Theresa Hanson’s first concern is safety and security.
As Canada’s Chef de Mission for Universiade 2013, she hopes that university athletes from across the country bring home medals and enjoy an experience of a lifetime, but as she prepares for the largest sports event after the Olympics, her mantra is safety.
“That’s my main concern: that everyone is safe and nothing negative happens on my watch.”
“That’s my main concern: that everyone is safe and nothing negative happens on my watch,” said UBC’s associate director of Intercollegiate and High Performance Sport just days after returning from a site visit to Kazan, Russia where the 27th Universiade or World University Summer Games will be held from July 6 to 17.
Hanson believes Team Canada – athletes, coaches and medical staff – will be awestruck by Kazan’s venues, which feature team rooms, recovery rooms, and hot and cold pools: an athlete’s nirvana.
“They have built 27 new venues. Their sports facilities are unbelievable. They are all sport specific. The aquatic pool is 200 metres long, 100 metres wide and cost €140 million Euros. It’s like nothing we’ve seen here.”
Kazan is home to 15 to 20 universities that share a student housing village which will be home to Universiade teams. Hanson hopes the Canadian team of 480, of whom about 380 are athletes, will be housed in one building not just for logistical ease but to build team spirit and allow athletes to get to know each other.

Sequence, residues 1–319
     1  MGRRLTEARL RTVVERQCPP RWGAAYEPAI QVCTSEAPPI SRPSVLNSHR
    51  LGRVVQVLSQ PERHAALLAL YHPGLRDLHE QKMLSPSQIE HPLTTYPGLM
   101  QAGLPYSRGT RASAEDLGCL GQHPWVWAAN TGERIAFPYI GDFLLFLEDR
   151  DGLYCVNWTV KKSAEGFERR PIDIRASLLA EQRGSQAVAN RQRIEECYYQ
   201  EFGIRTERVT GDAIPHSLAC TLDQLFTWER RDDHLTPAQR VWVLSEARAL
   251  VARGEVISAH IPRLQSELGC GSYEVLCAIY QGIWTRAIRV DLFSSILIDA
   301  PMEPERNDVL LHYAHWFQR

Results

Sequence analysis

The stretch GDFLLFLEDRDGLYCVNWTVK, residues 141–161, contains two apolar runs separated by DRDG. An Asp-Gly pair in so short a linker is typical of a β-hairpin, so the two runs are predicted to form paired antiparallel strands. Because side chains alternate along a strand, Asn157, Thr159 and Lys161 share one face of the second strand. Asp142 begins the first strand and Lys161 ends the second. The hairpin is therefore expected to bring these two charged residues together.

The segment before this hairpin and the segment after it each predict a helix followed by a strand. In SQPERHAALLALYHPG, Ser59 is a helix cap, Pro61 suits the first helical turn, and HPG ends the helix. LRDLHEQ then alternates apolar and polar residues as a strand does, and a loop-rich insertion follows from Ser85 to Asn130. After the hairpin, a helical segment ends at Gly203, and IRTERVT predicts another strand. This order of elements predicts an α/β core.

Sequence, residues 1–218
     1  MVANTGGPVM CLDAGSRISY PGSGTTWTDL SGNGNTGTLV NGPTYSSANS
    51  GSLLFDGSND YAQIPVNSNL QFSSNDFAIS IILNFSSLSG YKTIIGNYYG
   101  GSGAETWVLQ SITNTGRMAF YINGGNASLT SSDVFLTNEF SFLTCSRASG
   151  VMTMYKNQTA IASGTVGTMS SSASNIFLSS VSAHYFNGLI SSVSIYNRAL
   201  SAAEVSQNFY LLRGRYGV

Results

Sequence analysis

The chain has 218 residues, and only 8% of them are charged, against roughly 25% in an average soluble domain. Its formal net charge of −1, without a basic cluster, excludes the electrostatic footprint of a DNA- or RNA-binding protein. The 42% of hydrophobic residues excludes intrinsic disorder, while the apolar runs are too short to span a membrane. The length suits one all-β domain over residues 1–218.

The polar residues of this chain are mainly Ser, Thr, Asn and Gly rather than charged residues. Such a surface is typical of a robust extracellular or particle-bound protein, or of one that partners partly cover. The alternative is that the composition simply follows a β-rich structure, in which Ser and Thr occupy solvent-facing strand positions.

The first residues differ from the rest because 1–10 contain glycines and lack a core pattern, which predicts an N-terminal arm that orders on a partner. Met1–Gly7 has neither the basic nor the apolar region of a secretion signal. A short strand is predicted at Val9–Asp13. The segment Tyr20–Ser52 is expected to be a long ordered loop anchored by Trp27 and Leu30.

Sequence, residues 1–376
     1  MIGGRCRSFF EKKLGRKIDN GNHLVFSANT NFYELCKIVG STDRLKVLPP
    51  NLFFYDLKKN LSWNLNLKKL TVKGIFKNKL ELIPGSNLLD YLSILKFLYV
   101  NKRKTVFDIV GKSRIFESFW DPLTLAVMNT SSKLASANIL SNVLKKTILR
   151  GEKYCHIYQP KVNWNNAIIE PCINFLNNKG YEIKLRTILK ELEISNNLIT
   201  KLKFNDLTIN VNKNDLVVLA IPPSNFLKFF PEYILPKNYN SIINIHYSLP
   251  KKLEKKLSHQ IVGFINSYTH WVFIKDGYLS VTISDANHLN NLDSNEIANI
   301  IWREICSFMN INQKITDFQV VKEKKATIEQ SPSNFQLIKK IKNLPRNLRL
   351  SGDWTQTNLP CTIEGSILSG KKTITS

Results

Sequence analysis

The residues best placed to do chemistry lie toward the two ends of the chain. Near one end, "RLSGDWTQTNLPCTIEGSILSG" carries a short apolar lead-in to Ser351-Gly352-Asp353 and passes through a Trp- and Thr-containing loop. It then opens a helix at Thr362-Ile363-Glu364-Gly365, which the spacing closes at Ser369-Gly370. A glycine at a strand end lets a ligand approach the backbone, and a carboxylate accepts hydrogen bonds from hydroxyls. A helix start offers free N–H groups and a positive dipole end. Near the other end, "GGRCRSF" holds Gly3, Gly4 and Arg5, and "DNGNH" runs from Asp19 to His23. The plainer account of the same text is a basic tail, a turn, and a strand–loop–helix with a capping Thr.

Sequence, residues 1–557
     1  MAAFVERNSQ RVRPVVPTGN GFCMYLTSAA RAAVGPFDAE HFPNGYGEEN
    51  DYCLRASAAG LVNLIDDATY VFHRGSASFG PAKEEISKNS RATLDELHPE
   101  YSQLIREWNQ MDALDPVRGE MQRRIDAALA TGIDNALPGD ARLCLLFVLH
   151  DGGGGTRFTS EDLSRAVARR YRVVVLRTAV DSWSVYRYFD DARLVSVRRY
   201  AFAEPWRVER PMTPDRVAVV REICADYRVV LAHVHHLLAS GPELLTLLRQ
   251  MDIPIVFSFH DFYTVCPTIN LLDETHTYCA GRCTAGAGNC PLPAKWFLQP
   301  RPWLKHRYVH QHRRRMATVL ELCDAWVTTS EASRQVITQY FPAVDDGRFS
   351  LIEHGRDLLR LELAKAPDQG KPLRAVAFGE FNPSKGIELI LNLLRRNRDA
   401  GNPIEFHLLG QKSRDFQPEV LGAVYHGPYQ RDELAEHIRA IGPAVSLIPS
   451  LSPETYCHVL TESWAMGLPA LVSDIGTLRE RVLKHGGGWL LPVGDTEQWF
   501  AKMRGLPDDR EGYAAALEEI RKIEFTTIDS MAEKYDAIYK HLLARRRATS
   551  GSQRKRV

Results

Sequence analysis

“It is an opportunity of a lifetime to play for Canada, and to get that international experience,” she said, noting that the calibre of competition is extremely high with Olympians and some professional athletes participating.
Universidade 2013 is expected to be the largest ever with more than 10,000 participants. A number of Canadian athletes, including at least eight from UBC, are Olympians. There are also soccer and basketball players who compete in professional leagues and also study, making them eligible for the games.
Canada competes in most disciplines
Canada is competing in almost all of the disciplines except rowing and men’s and women’s field hockey. Each sport’s national governing body decides whether or not to compete at Universiade, a decision often based on the year’s competition calendar.
The evening before the games begin, Hanson will host a reception where Canada’s flag bearer will be named. Representatives of the Canadian Embassy in Moscow, sport governing bodies, family members and friends will attend to toast the Canadian team.
Another of Hanson’s goals, almost equal to security, is to see every Canadian athlete compete at least once.
“It’s hard in the early rounds when there are so many competitions, but that’s my goal,” said the Chef de Mission who will have an attaché/translator and a driver to make getting around the city of 1.2 million a bit easier.